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Olympos by Dan Simmons

01/11/2005. Contributed by Pauline Morgan

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pub: Gollancz. 690 page enlarged paperback. Price: 10.99 (UK). ISBN: 0-575-07262-8.

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What has everybody suddenly got against Paris? Not just Paris the Greek but also Paris the city. In classical literature, Paris was the cause of the Trojan War when he was asked to judge which of three goddesses was the most beautiful. He wasn't a totally innocent youth as he allowed himself to be, bribed by the promise of the beautiful Helen for his wife. Unfortunately, Helen was already married and her husband objected strongly to her elopement with the Trojan. In David Gemmell's new series, Helen, when she appears near the end of the first volume, 'Troy: Lord Of The Silver Bow', is described as plain - Spartan women were not bred for beauty but strength of character - and Paris as a callow youth. Dan Simmons, in 'Ilium' and 'Olympos', portrays Helen as a more fickle character, willing to take opportunities that appear to be to her advantage. On TV, Bettany Hughes has tried to find the truth behind Helen, as thus, Paris.

Dan Simmons who began his tale in 'Ilium' and continued it in 'Olympos', uses the text of Homer as a starting point but by the start of the second book it is beginning to deviate considerably. The enactment of the Trojan Wars is a symptom of the problem that is escalating within the Solar System. Superficially, Earth is a utopia. The million people still living there have an idyllic life, faxing themselves from one party to another. Orbiting above the planet are two orbital rings where they believe they are faxed for rejuvenation every twenty years and, after five rejuvenations, will go permanently to paradise. One form of entertainment - reading and TV are things of the past - is the turin cloth. Placed over the face, it enables the viewer to live the Trojan Wars in real time. As might be expected, there are worms in paradise. Partly due to the activities of Harman and his friends in 'Ilium', the voynix, who hitherto have been regarded at mute, harmless servants begin a campaign of human extermination. No-one is safe anywhere.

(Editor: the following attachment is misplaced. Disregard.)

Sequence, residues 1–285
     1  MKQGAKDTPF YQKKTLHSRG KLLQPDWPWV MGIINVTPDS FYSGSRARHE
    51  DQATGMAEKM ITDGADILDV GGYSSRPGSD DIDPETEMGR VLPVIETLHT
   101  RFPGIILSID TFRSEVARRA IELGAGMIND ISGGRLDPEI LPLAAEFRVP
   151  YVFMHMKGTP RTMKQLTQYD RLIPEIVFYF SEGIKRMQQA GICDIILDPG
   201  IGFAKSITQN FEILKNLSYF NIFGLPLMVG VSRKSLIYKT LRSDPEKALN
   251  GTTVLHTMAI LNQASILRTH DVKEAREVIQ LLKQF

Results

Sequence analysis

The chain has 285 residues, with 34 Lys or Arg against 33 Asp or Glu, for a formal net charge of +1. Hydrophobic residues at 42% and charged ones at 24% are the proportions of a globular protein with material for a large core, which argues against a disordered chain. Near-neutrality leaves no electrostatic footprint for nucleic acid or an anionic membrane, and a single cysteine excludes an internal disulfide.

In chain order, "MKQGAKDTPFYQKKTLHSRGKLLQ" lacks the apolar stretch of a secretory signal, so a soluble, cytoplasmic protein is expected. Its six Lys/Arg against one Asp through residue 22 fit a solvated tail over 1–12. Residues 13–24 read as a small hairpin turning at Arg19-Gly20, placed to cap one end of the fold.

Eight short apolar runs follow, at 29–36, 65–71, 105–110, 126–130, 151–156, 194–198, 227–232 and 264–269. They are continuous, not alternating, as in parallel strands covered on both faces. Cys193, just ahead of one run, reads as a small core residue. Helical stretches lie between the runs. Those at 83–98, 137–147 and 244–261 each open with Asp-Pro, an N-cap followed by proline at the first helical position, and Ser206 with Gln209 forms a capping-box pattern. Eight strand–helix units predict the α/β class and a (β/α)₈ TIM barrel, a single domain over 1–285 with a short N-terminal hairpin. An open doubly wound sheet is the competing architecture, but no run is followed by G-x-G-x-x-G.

Paris, the city, has already suffered in the past. A black hole experiment that went wrong left a huge crater in the centre at the bottom of which, seething magma can be seen. To add insult to injury when Caliban, released from his orbital prison chooses his base on Earth, he makes it Paris. His creatures kill everyone in the city and cause it to be covered metres deep in blue ice. (Simmons is not the only author to bury Paris in ice as Alastair Reynolds also does this in 'Century Rain'.)

Simmons is drawing on a number of sources for his inspiration. The Homeric Troy set on a terra-formed Mars with the gods at home on Mount Olympos provides an excellent vehicle for those posing as gods. They certainly have god-like powers, even though these come from manipulating advanced technologies. Closer to Earth, the Tempest is played out with not only Caliban but Prospero and Ariel having roles in the events.

Significant to the unravelling of the situation are the moravecs. These were biologically-adapted centuries before to survive in the harsh environments of the outer Solar System. Mahnmut is at home in the methane seas under the crust of Europa and Orphu, his friend is able to survive in hard vacuum. Mahnmut has a fascination for Shakespearean sonnets, so much so that his submersible is called The Dark Lady. Orphu has a predilection for the subtleties of Proust. They are sent to discover the source of the anomalies that have apparently changed Mars in an impossibly short space of time and the fluctuations in quantum fields that are in danger of destroying the whole system. It is by applying their knowledge of literature that the sense of the science is worked out. The book is extremely complex with the various disparate groups significantly affecting the others. There are so many different elements in the two books that it has taken an exceptional writer to visualise them and bring them together into a coherent whole. Simmons plays with literature, language, science and drama, winding them together into an exciting adventure. Take nothing here at face value.

Pauline Morgan

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